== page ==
By Dan Froomkin
1:20 PM ET, 05/13/2009
David Leonhardt writes in the New York Times: "The events of the last few weeks have raised the odds that a health care overhaul will really happen this year." But, he writes, there's still the matter of a missing $90 billion. "Providing health insurance to the roughly 50 million people without it will cost something like $120 billion a year. President Obama has proposed $60 billion or so in new revenue for this purpose — a 'down payment,' his advisers say. But Congress seems set to reject about half of the down payment (a plan to limit high-income families' tax deductions for charitable giving and other such things). That makes for the $90 billion health care hole. And no one is quite sure how to fill it."
Here are Obama's remarks after a roundtable discussion yesterday with employers and unions about "innovative ideas...being implemented in the workplace to improve the health of workers and reduce the rising rate of health care spending."
Foon Rhee blogs for the Boston Globe that "Obama held a pep session this morning to rally House Democratic leaders behind his healthcare overhaul plan. 'We've got to get it done this year,' he said. 'And we don't have any excuses,' he added. 'The stars are aligned.'"
Walter Pincus writes in The Washington Post: "Some Democratic senators joined Republicans yesterday in questioning whether the Obama administration had adequately explained its strategy for Afghanistan and Pakistan as Congress considers a supplemental appropriations bill that includes billions of dollars for military and economic assistance programs in those countries."
David Ignatius writes in his Washington Post opinion column that Centcom commander Gen. David "Petraeus's plan in Afghanistan is to hit the enemy very hard this year with the additional 21,000 troops President Obama has approved -- and then see if the Taliban coalition begins to crack."
Ann Scott Tyson writes in The Washington Post that Lt. Gen. Stanley A. McChrystal, the former Special Operations chief who is President Obama's new choice to lead the war in Afghanistan is a master at manhunting. "'McChrystal kills people. Has he ever worked in the counterinsurgency environment? Not really,' said Roger Carstens, a senior nonresident fellow at the Center for a New American Security and a former Special Forces officer. 'People will ask, what message are we sending when our high-value-target hunter is sent to lead in Afghanistan?' said a senior military officer at the Pentagon, who spoke on the condition of anonymity because he was not authorized to speak publicly."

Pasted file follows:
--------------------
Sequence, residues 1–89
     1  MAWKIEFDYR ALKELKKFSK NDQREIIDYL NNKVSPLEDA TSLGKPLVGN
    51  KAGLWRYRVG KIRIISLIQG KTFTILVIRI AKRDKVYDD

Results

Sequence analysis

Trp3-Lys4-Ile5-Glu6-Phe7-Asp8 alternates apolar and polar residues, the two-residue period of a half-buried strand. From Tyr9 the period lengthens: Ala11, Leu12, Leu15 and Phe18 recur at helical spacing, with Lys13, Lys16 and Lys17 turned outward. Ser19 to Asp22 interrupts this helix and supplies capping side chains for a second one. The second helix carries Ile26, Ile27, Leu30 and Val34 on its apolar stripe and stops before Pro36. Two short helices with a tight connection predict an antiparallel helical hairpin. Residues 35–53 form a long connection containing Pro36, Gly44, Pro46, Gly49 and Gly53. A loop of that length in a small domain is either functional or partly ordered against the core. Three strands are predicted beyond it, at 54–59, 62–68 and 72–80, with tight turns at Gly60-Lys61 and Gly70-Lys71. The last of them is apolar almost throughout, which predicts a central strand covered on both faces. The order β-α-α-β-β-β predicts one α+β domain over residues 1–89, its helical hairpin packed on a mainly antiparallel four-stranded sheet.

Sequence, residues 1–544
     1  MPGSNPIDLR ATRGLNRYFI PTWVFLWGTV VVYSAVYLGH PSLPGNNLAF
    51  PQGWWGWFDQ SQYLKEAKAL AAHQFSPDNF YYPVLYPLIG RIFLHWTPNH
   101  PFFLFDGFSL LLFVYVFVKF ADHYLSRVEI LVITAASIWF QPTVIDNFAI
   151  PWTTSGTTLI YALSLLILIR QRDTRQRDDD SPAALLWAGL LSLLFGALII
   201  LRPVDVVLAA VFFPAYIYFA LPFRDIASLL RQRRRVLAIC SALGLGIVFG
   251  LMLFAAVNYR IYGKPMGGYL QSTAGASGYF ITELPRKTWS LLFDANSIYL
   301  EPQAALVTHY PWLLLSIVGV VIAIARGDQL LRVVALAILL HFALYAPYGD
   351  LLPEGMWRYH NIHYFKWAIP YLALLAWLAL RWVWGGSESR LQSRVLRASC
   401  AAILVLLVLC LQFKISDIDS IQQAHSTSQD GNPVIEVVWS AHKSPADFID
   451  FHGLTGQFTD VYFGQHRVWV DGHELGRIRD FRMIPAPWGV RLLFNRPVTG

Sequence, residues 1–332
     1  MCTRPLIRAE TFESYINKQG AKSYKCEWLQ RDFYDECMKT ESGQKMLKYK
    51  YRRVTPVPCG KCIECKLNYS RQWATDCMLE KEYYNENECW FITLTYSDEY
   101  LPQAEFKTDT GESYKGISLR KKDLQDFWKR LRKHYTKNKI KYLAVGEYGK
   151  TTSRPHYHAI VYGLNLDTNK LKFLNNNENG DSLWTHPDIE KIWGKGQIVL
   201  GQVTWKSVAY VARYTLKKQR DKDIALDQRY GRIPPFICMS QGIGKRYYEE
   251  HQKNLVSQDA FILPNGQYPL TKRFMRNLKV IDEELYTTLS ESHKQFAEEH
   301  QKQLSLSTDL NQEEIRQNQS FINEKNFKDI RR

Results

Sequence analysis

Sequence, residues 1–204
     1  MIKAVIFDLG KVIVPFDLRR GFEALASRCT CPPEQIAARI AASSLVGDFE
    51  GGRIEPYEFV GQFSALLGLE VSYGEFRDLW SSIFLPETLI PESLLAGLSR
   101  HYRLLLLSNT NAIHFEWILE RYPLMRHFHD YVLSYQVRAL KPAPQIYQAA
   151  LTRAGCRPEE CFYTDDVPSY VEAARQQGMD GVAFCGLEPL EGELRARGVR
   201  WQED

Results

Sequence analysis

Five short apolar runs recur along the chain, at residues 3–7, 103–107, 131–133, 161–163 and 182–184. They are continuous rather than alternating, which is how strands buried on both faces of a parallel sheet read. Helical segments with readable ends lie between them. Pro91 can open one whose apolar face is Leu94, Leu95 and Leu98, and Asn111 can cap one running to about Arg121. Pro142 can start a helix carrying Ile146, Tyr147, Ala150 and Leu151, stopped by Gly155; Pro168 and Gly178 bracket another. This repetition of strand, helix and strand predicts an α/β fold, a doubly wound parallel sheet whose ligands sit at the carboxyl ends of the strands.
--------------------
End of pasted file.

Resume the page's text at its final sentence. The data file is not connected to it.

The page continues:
George Packer blogs for the New Yorker that: "McChrystal's background makes him an expert in a counterinsurgency strategy that focuses on eliminating high-level targets. Whether it's done by drones or by Special Ops commandos, it puts the greatest emphasis on killing or capturing the enemy, not on making the population secure. In Iraq, this approach—which inevitably leads to the deaths of innocents—swelled the ranks of the insurgency and helped bring America to the brink of defeat in 2006, until Petraeus made a fundamental change in strategy."
David Roberts writes for Grist about how some Washington journalists got suckered by Republican senators, who cast statements from a collection of comments gathered by the White House's Office of Management and Budget as an official White House rebuke of the Environmental Protection Agency's finding that greenhouse gases pose dangers to public health and welfare. OMB director Peter Orszag wrote in a blog post that the "quotations circulating in the press are from a document in which OMB simply collated and collected disparate comments from various agencies during the inter-agency review process of the proposed finding." John M. Broder writes in the New York Times: "A White House official said that many of the criticisms and suggestions came from holdovers from the administration of President George W. Bush and had been rejected by Obama appointees."
Obama delivers the commencement address at University of Notre Dame on Sunday. Peter Slevin and Jacqueline L. Salmon write in The Washington Post: "Antiabortion activists see Obama's appearance before 2,603 graduates and the national media as a chance to challenge the president on turf hospitable to their cause.... The protests come at a time when the antiabortion movement is increasingly splintered amid a debate over goals and tactics. The activists' cause has been complicated by Obama, who has sought to ease tensions over an issue that has dogged politicians on the right and left for nearly three decades."
Jessica Brady writes for Roll Call that Senate Majority Leader Harry Reid "suggested on Tuesday that he does not have the votes to bring up President Barack Obama's pick to run the Department of Justice's Office of Legal Counsel...'We need a couple Republican votes until we can get to 60.' But Ali Frick writes for Thinkprogress.org: "It's unclear why 60 votes are needed to confirm Johnsen, considering her predecessor, Jay Bybee — who went on to authorize illegal torture — won easy confirmation in 2001 through a simple voice vote. Bybee's successor, Jack Goldsmith, was also approved by a voice vote."
Ashley Halsey III writes in The Washington Post: "President Obama took a dramatic step to revive faltering efforts to clean up the Chesapeake Bay yesterday, issuing an executive order that could empower the federal Environmental Protection Agency to set a more demanding timetable and penalize states that fail to meet it."